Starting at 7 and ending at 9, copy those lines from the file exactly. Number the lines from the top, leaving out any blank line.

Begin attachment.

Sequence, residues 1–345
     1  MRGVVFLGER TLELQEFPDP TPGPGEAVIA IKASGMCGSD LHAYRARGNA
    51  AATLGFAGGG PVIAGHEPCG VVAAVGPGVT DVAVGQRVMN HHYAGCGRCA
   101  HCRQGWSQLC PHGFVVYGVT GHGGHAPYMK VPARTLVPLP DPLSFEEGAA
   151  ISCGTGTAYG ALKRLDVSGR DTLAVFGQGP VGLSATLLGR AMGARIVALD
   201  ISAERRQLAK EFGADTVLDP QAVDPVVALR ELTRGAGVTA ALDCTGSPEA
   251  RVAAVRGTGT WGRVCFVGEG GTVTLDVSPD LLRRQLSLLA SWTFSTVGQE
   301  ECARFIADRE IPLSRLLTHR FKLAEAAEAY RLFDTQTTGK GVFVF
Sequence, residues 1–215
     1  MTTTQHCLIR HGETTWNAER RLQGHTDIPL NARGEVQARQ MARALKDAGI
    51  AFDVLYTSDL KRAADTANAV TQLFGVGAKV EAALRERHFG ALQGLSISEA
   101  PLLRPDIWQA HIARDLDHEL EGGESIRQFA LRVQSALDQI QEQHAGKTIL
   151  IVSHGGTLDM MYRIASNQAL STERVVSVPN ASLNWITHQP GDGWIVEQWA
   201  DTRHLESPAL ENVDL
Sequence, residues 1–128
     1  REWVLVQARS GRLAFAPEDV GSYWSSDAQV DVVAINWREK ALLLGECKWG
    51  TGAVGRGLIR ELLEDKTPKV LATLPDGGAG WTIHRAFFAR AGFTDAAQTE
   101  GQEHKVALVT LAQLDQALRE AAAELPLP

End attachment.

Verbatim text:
   251  RVAAVRGTGT WGRVCFVGEG GTVTLDVSPD LLRRQLSLLA SWTFSTVGQE
   301  ECARFIADRE IPLSRLLTHR FKLAEAAEAY RLFDTQTTGK GVFVF
Sequence, residues 1–215